Lee University will open its "second century" with the historic opening of its first doctoral program, the Doctor of Nursing Practice, it was announced Wednesday by president Paul Conn.
Dr. Conn was joined in the announcement by Vice President Debbie Murray and Sara Campbell, dean of the School of Nursing. “We have received approval from the Southern Association Commission on Colleges and initial approval from the Tennessee Board of Nursing to take this important step,” Dr. Campbell said.
"This degree offering is a perfect way for Lee University to kick off our second hundred years," Dr. Conn said. The school has recently concluded a year-long celebration of its Centennial year, since it was founded in Cleveland in 1918. "We have considered offering doctorates in other areas in the past few years, and believe we are now in a good position to design doctoral programs in areas like education, religion, and music.
"The rapid growth and excellence of our School of Nursing makes it the first doctoral program which is ready to go." The program will begin teaching its first class of admitted students on Jan. 7, 2019.
The DNP can serve as a doctoral program for those nurses already possessing an advanced practice nursing certification or for those nurses in need of an APN program along with the doctoral degree. Students may enter the program with the baccalaureate or master’s degree in nursing, according to Dr. Campbell. There are multiple specialty tracks that can be under the umbrella of a DNP program. The first specialty track that Lee will offer is the Family Nurse Practitioner.
Dr. Campbell said, "We are ready to offer a doctoral program in nursing that will reflect a standard of excellence and uniqueness, similar to our BSN program. Students in this region and across the nation are seeking doctoral programs that are flexible, but which are also relational and of high quality. We are confident that we will be that kind of program."
The Lee School of Nursing first admitted students in 2014 and has rapidly gained recognition as a "state-of-the-art" program, said Dr. Conn. Its first three classes of graduates all achieved 100 percent pass rates in their first try on the national nursing exam (the NCLEX), and dozens of them are already working in hospitals in the area, including Erlanger, Tennova, CHI Memorial, Parkridge, Vanderbilt Medical Center, and numerous other health-care providers. The Lee undergraduate program has achieved full accreditation by the Commission on Collegiate Nursing Education.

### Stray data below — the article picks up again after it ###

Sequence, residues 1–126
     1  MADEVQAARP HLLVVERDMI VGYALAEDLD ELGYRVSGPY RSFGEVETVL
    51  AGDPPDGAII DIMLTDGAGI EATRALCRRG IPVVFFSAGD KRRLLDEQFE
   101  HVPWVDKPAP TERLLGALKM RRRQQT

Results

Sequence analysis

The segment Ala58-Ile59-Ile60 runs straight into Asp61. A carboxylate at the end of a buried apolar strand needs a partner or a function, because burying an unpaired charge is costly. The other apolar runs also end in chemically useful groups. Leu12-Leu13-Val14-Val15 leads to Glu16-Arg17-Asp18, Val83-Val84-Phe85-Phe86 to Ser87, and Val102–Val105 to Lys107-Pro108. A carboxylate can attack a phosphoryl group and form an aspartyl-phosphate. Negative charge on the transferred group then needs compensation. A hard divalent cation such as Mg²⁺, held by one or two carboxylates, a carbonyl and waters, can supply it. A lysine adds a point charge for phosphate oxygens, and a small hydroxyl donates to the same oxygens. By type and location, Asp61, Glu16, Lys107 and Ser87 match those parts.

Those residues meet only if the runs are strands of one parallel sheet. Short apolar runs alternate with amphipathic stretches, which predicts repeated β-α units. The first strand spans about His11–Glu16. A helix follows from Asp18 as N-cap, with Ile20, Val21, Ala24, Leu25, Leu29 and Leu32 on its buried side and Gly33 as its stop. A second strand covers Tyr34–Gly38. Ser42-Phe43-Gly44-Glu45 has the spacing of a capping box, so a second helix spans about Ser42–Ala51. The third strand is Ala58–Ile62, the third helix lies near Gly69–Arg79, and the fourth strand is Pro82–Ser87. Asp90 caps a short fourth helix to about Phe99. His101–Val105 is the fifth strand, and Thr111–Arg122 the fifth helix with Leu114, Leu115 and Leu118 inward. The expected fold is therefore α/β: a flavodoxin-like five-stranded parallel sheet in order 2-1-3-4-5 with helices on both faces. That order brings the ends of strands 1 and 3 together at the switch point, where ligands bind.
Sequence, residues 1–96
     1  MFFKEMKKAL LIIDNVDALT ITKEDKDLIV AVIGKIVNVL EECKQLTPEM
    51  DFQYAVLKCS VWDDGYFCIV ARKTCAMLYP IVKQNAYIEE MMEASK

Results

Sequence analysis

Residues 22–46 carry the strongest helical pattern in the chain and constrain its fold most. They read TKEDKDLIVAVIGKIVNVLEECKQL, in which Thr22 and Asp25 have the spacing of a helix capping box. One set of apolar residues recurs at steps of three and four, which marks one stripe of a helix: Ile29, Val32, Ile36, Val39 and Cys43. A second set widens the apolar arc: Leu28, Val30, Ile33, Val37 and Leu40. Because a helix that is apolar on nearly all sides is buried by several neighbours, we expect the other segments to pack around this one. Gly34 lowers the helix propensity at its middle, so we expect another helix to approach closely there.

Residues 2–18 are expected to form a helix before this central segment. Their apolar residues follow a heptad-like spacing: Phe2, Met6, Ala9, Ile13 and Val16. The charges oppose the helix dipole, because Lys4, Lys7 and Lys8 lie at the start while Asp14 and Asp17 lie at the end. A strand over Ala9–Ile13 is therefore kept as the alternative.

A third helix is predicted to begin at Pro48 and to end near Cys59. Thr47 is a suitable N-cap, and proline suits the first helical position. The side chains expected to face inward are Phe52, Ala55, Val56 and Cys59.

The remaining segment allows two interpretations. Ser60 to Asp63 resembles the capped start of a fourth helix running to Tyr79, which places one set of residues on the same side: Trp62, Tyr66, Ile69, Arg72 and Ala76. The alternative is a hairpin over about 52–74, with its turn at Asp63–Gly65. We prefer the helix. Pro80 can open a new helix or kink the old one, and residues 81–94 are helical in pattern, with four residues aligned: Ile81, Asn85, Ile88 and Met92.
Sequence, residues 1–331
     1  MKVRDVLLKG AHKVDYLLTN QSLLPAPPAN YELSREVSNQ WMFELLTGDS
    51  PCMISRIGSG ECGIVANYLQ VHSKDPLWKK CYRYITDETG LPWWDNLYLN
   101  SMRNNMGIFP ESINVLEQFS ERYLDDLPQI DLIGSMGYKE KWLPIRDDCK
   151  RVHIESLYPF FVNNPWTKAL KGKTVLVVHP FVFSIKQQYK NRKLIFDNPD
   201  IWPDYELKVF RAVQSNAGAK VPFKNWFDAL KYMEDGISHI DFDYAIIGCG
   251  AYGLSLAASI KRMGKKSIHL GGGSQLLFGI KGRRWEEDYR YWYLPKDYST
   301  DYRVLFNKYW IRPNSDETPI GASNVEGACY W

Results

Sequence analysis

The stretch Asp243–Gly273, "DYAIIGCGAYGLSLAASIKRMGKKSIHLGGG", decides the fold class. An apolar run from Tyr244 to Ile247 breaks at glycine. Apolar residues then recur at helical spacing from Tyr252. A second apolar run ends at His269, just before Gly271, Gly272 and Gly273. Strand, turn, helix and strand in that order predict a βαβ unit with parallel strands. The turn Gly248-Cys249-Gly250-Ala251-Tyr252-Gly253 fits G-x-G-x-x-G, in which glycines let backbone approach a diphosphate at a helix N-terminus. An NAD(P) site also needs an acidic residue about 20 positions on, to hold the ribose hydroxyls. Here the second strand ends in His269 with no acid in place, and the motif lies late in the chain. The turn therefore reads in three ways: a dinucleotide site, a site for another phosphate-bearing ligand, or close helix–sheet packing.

"When we first opened our new School of Nursing building in 2016," Dr. Conn said, "it seemed very big for a start-up program, but we anticipated high demand for our program, and for our graduates as they finished. In both cases, our positive expectations have been exceeded by the rapid growth, in size and reputation, of the School of Nursing." The Lee program now teaches almost 400 nursing majors, and is nearing its full interior build-out of faculty space in its building. The facility features large simulation teaching labs and a multi-million-dollar array of equipment and furnishings.
The DNP program is designed to prepare graduates at the highest level of nursing practice, addressing the growing complexity of patient care and health care delivery. The uniquely structured program features innovative experiences such as use of telehealth robots, focus on rural and global populations, and leading disaster response as a healthcare provider. The DNP was designed in contrast to the PhD nursing programs which are traditionally research intensive.
For more information about the program or to apply, visit http://www.leeuniversity.edu/dnp/.